Finally, attention was turned to the interior space. The custom center console was built out of steel and wood, and hides much of the wiring that was fed up the center of the car. Erich and his crew also welded up the rollbar and mounted a pair of Scat bucket seats. Bob Montgomery of New Castle Auto Upholstery (Newport, Delaware) later dismantled the seats, swapped out the padding, and reupholstered them in black leather with orange stitching. Bob hand-formed the sail panels with integrated speaker pods, as well as the rear seat delete. As for the spare, Erich responds, "I hadn't really seen a Pro-Touring car with the spare wheel, and I liked the way that the old Shelby's did it." Erich also liked the look of triple master cylinders, so he ordered the Wilwood package, which comes with the trick pedal assembly, and he recessed the masters into the firewall.
With so much work put into the car at this point, it's hard to think that there was still much left to do. This is where the underpinnings come to play.
Wanting a great stance as well as great performance and ride characteristics, Erich turned to Ridetech for one of its air suspension systems.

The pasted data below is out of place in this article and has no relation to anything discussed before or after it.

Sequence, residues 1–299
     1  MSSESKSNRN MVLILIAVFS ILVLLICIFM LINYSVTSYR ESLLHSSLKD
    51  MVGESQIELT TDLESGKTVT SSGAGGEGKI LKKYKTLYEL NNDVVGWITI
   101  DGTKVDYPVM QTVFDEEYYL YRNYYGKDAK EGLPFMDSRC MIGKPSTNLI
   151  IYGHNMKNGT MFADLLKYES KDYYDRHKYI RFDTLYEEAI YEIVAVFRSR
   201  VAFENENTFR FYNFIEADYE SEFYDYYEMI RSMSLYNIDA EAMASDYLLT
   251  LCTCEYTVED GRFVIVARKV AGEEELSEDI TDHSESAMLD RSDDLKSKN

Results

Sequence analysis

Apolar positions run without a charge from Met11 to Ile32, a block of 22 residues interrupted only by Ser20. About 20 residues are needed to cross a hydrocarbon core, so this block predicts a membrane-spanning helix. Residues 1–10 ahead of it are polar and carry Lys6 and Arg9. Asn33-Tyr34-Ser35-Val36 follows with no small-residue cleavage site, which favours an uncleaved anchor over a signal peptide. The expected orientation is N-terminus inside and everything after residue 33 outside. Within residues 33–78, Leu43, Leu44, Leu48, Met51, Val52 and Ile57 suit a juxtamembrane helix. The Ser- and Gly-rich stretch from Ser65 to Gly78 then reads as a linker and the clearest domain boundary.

"I've been working with them over the last three years to constantly equip the Mustang with the latest Ridetech updates," says Erich. "They were great to deal with and their support is excellent."
For rolling stock, Bonspeed's Huntington design was chosen.
"We gave Bonspeed all of the measurements that they asked for. For a fee, they send out two-piece wheels to test fit, and we ended up changing the backspacing on the rear so it was worth it."
Once Erich was ready to stir the gears in the D&D Performance T-56 six-speed, he took Nasty to JDM Engineering in Freehold, New Jersey. The engine wouldn't run correctly with the changes made to the cold air intake and mass air meter placement, but JDM's Jim D'Amore worked his SCT custom tuning magic to straighten out Nasty's bad habits. As you can see from the photos at New Jersey Motorsports Park, Erich isn't afraid to turn a wheel in anger, no doubt attesting to Nasty's inherent attitude. We caught up with Erich and his Mustang at the Goodguys Columbus show where Nasty was competing for Street Machine of the Year. While it didn't take the top prize, Nasty was awarded the Ford Performance Award. As part of the Street Machine of the Year competition, Erich took the Mustang out on the autocross, and set the crowd off with probably the best burnout of the weekend. Did we mention that Erich owns and races an '08 Cobra Jet Mustang in NHRA competition--Shelby-powered of course. So what's next for Erich and project Nasty? Well, the Mustang is destined for a number of shows to add to its already impressive collection of awards, while Erich begins his next endeavor--a '69 Mustang that was originally raced in A/Sedan in the '70s in SCCA. Erich says it'll be close to original with exceptions made so that Erich can run it in the SVRA's vintage class. That sounds pretty nasty, too.